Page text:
(Complimentary canapes provided, drinks available for purchase)

Location: Fitzy’s – Gaelic Bar Upstairs 153 Margaret Street, Toowoomba

RSVP:  Monday 6 November 2017 using BOOK NOW button above

The BBC World Service has broadcast from Britain to radio listeners around the globe for over fifty years, and its origins go back to the foundation of the BBC Empire Service in 1932. Listeners in Australia were part of the earliest audience for the Empire Service, with programmes that emphasised the British connection. Yet even in the 1930s, international broadcasting was as much about soft power and cultural diplomacy as about sentiment and identity. The 1930s saw the beginning of attempts to target listeners in politically and economically contested parts of the world, including the Middle East and Latin America, and thus to compete with Hitler and Mussolini’s own powerful broadcasting machines. This talk uses fresh evidence to think again about the role of international broadcasting in the past and in the present.


Professor Simon J. Potter is Professor of Modern History, University of Bristol, UK. He has specialised in the global reach of newspapers and the periodical press, radio broadcasting, and television, including in Australia’s history. His publications span the interplay between empire and the mass media over the 1800s and 1900s, and examine their relevance today.

Conference photos


‘…thank you … All the presentations were engaging and interesting and I enjoyed the opportunity to meet other historians with similar interests… a pleasure to meet you all and to participate in this conference.’ Angela Alessi (University of Adelaide)

‘… a wonderful conference. Such a wonderful collegial feel, great papers, great venue… Thanks again.’ (Dr Karen Agutter, University of Adelaide)

‘Thanks once again for a very enjoyable and enriching conference last week’ Dr Hilary Berthon (National Library of Australia)

‘Just a quick email to say ‘thank you’ yet again! I have had a fantastic time…’ Associate Professor Richard Scully (University of New England)

‘… a really interesting couple of days, and you brought together a very lively and engaged group, with many common interests, which I think really showed in the quality of discussions… Thank you again for all your kindness and generosity and for making me feel so welcome.’ Professor Simon Potter (University of Bristol, UK)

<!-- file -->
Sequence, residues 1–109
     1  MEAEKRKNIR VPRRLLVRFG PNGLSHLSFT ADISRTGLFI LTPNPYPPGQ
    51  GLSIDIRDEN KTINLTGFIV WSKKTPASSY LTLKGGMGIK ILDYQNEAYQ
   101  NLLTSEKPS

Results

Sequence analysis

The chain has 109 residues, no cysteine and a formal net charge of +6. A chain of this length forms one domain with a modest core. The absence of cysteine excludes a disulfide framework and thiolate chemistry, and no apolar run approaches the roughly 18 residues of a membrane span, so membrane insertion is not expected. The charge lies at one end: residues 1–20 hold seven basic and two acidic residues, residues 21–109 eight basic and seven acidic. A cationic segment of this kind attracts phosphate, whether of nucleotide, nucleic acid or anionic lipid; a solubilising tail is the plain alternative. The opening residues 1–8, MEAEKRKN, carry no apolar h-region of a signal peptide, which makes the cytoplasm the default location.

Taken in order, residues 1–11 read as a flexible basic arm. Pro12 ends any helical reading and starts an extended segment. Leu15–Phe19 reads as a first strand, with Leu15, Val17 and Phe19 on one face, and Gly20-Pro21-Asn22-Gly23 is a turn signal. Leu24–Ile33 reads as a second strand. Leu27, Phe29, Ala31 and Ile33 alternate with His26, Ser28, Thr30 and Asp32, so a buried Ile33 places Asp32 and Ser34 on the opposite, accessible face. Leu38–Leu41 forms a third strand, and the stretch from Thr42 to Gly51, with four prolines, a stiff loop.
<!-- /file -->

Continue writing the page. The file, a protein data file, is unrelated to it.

‘It was a pleasure being at the conference, in such a welcoming and stimulating environment.’ Marianna Piantavigna (University of Western Australia)

‘Thank you… for making my final conference as a USQ employee such a warm and collegial time.’ Dr Dianne Jones (University of Southern Queensland)

‘Thank you again… a wonderful opportunity which gave me many ideas for my dissertation and how I conduct my research.’ Natasha Walker (University of Southern Queensland)

‘I very much enjoyed the conference, the excellent presentations, and the conversation… a wonderful, enriching gathering.’ Meg McKie (Independent Scholar)

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With Thanks

Images generously provided by the National Archives of Australia (NAA).
The Ian Potter Foundation is one of Australia’s major philanthropic foundations. The Foundation makes grants nationally to support charitable organisations working to benefit the community across a wide range of sectors including the Arts, environment, science, medical research, education and community wellbeing. The Ian Potter Foundation aims to support and promote a healthy, vibrant and fair community for the benefit of all Australians.